1950s Airline (Harmony) Rubber Bridge Parlor Guitar

Acoustic clip (above)...

Electric clip (above)...

This guy is yet another-branded variant of the "typical Harmony parlor guitar" that's most-often seen as a Stella H929. I was traded this some time ago but an order for a couple of "rubber bridge" parlor guitars meant I had a good reason to spruce it up. Thank the gods for diversions!

Per the usual, it's solid birch throughout, 13" on the lower bout, has a poplar neck, and an ebonized maple fretboard. These have a short, 24 1/8" scale length and chunky, medium-bigger neck shapes.

It got the usual work these need, too -- a neck reset, fret level/dress, side dots, replacement tuners (relic'd Gotohs), seam repairs, minor crack repairs, bracing repairs, and setup-side work. On top of that it also got a Strat-style pickup installed at the top of the soundhole (a small barrel Dremel sanding drum makes quick work of that) and a wiring harness fit with a volume control on the bass "shoulder."

The highlight of the instrument is the "rubber bridge" which gives it a dampened, super-mellow, short-sustain voice. This is pretty popular these days and nothing else really sounds the same. Stuffing some damping foam under the strings near the bridge gets you close but you don't have the fat and round sound that this style of bridge does. Palm-muting gets you close as well, but it's awfully hard to full-on strum chords and pick melody lines freely while your hand is stuck in place.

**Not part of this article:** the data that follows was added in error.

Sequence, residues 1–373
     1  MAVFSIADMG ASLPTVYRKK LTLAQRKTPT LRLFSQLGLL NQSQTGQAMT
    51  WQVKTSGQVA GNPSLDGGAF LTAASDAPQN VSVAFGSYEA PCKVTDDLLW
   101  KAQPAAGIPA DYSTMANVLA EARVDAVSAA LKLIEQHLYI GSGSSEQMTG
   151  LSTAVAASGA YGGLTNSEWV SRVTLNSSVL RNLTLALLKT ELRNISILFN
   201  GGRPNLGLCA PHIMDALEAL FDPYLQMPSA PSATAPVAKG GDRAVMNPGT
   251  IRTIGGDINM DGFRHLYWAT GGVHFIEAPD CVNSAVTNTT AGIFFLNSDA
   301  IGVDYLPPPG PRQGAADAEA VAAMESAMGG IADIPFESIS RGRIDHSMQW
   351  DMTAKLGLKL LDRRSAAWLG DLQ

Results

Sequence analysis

I make my "rubber bridges" (really, rubber saddles) from a discarded truck tire that was left under our porch a decade ago. I have plenty more discarded truck tires to go through, too. I cut a slice of that and stick it on top of a normal tailpiece-style floating bridge, anchoring it with a couple of screws. I then compensate it (roughly) and slot-into it with my nut-slotting files to set the action height. At the same time, the string then plunges down into the rubber of the saddle and it's like it's being "pinched" on all sides in damping goodness as it leaves the rubber saddle and up to the nut. I find this gives it a far "thunkier" sound than simply stringing it on top of the rubber, but it's a little fussy to get right.

The Strat-style pickup is a workshop freebie leftover from my bins, but its footprint means that if the owner decides to go with something more boutique, it's as easy as dropping whatever is desired in a Strat-size shape -- which is basically every pickup sound under the sun, these days. It sounds great, though, as-is -- it's bright and accurate which means that you can get the "typical rubber bridge" sound just by rolling tone off at your amp but it remains bright-enough that you can get some good pick-smack sounds if you're recording chord-work.

Last but not least -- the cute little '50s knob is something I found in the woods, go figure!